ESB 6589 directly addresses water availability issues created by the Swinomish decision in the Skagit basin, which includes portions of Skagit and Snohomish counties. The bill requires Ecology and other listed stakeholders to study the feasibility of using “effectively sized water storage” to recharge the Skagit River basin when needed to meet minimum instream flows and provide noninterruptible water supply for users of permit exempt wells in the basin. Ecology is required to submit the report to the legislature’s standing committees on water resources and fiscal issues by December 1, 2016.
SSB 6179 is a water banking bill that amends chapter 90.42 RCW to require specific information be maintained on Ecology’s website about water banks, which is essentially an effort to create more transparency and public accountability for water banks set up to provide alternative sources of mitigation for new exempt well uses and water rights in closed basins. The schedule or table required for each water bank must be maintained on Ecology’s website and updated quarterly, and operators of water banks are required to furnish the information to Ecology upon request.
Tom will be speaking at a King County Bar Association CLE on March 31, 2016 in Seattle. The half-day seminar covers environmental issues involving drought and fire, and also features Mitch Friedman of Conservation Northwest, Dr. Crystal Raymond of Seattle City Light, Peter Dykstra of Plauche and Carr LLP, and Sharon Haensly of the Squaxin Island Tribe.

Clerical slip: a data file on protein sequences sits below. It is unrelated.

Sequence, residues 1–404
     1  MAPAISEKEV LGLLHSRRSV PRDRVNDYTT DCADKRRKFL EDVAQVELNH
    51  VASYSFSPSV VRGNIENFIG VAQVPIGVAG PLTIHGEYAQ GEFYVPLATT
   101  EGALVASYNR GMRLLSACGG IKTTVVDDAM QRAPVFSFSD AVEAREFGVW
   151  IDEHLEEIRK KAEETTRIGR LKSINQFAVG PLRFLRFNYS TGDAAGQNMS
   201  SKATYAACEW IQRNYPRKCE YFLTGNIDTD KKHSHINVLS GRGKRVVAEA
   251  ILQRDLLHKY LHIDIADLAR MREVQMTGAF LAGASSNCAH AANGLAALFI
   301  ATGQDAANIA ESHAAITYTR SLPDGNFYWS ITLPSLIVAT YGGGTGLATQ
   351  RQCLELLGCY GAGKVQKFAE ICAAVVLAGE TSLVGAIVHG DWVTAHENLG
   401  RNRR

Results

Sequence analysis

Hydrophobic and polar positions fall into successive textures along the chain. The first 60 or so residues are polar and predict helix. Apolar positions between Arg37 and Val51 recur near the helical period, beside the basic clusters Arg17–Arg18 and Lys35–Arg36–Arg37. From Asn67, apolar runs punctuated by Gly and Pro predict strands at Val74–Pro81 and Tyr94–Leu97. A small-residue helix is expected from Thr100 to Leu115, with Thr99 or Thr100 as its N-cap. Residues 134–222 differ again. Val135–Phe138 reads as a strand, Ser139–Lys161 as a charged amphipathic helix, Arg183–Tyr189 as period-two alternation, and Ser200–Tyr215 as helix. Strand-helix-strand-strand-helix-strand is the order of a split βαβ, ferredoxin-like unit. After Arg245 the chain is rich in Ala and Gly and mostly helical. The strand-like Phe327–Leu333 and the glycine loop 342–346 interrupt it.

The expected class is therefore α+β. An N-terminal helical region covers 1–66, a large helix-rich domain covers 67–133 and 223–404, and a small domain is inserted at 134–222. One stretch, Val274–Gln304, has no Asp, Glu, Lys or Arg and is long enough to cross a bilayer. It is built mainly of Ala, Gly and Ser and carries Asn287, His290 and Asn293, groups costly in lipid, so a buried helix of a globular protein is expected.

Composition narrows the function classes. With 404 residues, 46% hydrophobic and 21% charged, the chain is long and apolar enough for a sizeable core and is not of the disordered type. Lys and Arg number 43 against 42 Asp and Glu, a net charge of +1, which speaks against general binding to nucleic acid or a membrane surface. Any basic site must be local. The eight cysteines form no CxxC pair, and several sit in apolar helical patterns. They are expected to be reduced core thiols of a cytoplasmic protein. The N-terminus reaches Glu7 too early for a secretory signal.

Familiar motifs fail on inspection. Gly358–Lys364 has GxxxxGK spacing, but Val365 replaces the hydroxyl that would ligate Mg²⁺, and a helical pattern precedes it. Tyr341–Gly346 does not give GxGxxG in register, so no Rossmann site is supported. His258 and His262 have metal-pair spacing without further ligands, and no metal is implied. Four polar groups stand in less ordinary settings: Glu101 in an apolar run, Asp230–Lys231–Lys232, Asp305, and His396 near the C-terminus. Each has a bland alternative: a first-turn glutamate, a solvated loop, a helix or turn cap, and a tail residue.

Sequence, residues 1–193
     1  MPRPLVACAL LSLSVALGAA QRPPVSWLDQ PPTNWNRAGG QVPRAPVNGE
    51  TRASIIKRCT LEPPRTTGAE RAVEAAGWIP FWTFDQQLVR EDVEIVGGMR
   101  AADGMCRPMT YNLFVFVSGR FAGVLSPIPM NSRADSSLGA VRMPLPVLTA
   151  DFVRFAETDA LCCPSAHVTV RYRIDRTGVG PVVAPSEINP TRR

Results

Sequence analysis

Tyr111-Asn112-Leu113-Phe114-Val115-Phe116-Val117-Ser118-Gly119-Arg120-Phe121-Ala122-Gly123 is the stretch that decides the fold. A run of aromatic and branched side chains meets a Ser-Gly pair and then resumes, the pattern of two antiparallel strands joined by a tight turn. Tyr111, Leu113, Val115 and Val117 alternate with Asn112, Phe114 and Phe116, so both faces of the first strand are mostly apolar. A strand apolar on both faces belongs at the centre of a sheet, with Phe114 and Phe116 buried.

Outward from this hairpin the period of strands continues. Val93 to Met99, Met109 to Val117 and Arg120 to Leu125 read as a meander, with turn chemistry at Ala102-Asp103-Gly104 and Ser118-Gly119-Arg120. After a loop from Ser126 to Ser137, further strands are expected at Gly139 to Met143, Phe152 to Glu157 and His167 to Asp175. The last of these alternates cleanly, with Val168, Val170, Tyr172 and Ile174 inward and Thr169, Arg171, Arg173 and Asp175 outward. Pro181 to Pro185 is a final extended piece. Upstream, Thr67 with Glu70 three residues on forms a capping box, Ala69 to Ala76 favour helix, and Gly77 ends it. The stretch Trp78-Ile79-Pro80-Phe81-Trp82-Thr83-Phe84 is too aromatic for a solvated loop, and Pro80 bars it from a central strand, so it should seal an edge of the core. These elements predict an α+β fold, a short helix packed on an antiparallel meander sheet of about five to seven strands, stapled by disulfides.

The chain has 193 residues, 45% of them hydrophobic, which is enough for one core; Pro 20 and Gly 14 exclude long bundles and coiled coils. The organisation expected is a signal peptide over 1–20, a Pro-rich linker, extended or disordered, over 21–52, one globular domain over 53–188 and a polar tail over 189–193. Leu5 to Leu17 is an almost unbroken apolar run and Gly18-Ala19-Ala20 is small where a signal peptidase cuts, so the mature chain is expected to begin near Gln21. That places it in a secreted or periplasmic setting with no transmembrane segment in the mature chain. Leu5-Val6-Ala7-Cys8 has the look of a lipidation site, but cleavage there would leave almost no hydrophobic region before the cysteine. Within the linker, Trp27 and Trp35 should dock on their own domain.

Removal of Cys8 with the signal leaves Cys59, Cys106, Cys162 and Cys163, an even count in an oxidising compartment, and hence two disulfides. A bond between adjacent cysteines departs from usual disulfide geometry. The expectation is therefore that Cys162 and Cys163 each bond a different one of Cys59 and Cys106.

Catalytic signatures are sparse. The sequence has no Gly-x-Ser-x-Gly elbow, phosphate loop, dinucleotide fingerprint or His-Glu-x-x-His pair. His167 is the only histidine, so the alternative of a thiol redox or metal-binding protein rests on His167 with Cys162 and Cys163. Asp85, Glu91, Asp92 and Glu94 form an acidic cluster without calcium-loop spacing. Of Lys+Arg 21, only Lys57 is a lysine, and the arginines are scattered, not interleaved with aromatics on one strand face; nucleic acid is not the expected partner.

Tom’s one-hour topic is “The Impact of Instream Flow Rules and Supreme Court Decisions On Water Availability and Land Use.”
Details on the location and registration will be posted here when available.
Tom will be speaking at three upcoming seminars on water rights topics.
On Thursday, April 14, 2016, at 10:30 to 11:30 a.m., Tom will address the Washington Association of Sewer & Water Districts at the Yakima Convention Center in Yakima, Washington on the topic, “Water Availability and Permitting Issues.”
On Thursday, June 16, 2016, at 3:00 p.m., Tom will co-instruct on the subject “New Mitigated Water Rights,” at The Seminar Group’s “Water Rights in Central Washington” seminar in Wenatchee, Washington.
Law Seminars International has also invited Tom to co-chair this year’s Water Law in Washington seminar in Seattle. A date has not yet been set, but it will likely take place in late July. Tom also co-chaired this seminar last year.